How Is End-of-Life E-Waste Tonnage Reincarnated in Neighboring States?
In 2009, I wrote a blog about e-waste "Ghost Tonnage" in state mandated CRT and e-Waste Recycling Programs. A trade publication spotted it and asked to re-run it. I declined, as the causes and effects were a little confused at that point. This was not a simple case of Kramer driving New York deposit bottles to Michigan.
Unfortunately, "fraud" is not particularly rare in recycling businesses. Yesterday's post about the conviction of the Colorado "Executive" company is not the largest. The Sacramento Bee had a front page story about Arizona recyclers turning TVs into California for "redemption",using CA addresses "freed up" by exporting monitors for reuse against SB20 terms. A new report by Lauren Roman of Transparent Planet (my company is one of ten sponsors) scratches the surface of ewaste funding conspiracy theories, about stockpiled CRT glass, and market capacity for the glass. (I only had 48 hours to comment but Lauren has promised it's a "living document". I will make a separate blog to crib the report... it's good in a glasnosty way to start the discussion, but bears the fingerprints of agendas, and some of the people NOT interviewed in the report will need a chance to respond to "stockpiling" accusations).
A recycler who declares an abandoned car ("A-Waste") to be "covered electronics" in a state program (it may have a radio and electronics, after all) certainly gets a lot of pounds in a short time, and can sell those tons to an OEM rather cheaply. And a recycler who turns a ton of TVs for reimbursement by two different OEM sponsors has doubled not just his profits, but his entire revenue. Clearly, anyone getting paid twice for the same recycling, or claiming auto scrap as a "covered device", plays mumblety peg with mug shot photographers.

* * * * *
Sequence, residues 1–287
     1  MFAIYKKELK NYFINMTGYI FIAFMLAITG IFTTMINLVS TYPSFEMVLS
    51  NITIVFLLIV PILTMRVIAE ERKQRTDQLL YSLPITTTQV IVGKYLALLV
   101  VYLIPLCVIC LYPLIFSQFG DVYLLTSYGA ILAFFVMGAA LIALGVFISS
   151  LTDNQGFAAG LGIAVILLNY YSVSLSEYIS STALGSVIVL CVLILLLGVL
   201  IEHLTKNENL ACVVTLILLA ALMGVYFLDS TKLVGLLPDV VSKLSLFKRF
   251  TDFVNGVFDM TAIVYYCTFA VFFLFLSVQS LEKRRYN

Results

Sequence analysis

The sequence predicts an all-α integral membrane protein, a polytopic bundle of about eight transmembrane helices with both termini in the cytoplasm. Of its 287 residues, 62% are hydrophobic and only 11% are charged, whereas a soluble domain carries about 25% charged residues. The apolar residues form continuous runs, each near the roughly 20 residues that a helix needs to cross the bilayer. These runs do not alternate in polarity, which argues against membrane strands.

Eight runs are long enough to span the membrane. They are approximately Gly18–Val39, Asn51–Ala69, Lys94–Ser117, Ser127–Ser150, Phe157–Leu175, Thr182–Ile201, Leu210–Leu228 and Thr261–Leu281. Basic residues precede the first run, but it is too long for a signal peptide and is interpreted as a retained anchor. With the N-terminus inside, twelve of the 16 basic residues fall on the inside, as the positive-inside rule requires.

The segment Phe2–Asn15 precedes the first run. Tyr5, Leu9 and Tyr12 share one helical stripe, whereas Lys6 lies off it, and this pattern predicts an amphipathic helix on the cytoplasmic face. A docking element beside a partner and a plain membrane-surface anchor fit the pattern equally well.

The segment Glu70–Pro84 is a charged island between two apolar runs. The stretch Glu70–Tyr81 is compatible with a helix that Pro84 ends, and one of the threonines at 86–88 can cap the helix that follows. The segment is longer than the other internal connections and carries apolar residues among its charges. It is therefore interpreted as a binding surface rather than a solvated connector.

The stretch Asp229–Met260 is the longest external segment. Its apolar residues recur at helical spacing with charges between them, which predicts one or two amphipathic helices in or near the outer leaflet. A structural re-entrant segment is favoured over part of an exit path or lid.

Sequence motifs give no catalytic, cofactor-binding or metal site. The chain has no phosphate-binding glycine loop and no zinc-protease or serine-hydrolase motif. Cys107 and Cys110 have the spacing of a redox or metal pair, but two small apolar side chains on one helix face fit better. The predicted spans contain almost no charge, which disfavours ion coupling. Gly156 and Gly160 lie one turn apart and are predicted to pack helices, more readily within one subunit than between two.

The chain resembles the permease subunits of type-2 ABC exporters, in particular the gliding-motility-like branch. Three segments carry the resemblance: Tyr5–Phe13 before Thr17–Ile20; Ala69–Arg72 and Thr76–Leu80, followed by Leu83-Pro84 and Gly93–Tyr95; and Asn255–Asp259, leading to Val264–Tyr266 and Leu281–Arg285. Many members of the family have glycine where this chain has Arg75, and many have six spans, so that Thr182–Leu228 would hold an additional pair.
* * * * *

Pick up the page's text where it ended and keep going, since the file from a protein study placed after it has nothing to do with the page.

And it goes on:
The OEM may appear complicit in accepting cheap tons to meet a state stewardship mandate. Because the volumes are so high, recyclers are forced to partner with consolidators, takebacks, and haulers - no recycler can get 10 million pounds directly from consumers and residents. My company cleaned up abandoned TVs from the sides of roads in Rhode Island, "green up" days in Vermont, and abandoned lots in Massachusetts... can we know for sure?
California is a state run program. But in the Stewardship Programs discussed in Lauren's report (she omits Massachusetts because the law came from executive branch order rather than legislation, even though MA has stockpiled glass) the state has created the obligation for the OEM to pick up a specific number of devices from homeowners in the state - a numbe derived via... some kind of state employee number crunching... the ouija board tells OEMs how many TVs and computers they need to fetch, or pay fines for.
So the manufacturer in faraway Asia is given a specific number of pounds of electronics they must "get recycled" in Minnesota. A number that is not even in metrics. And if they don't pick up that number, they pay a fine. Which recycler do we expect them to choose - one who is cheap and has "lots" of pounds, or one who is expensive and struggles to avoid the fine?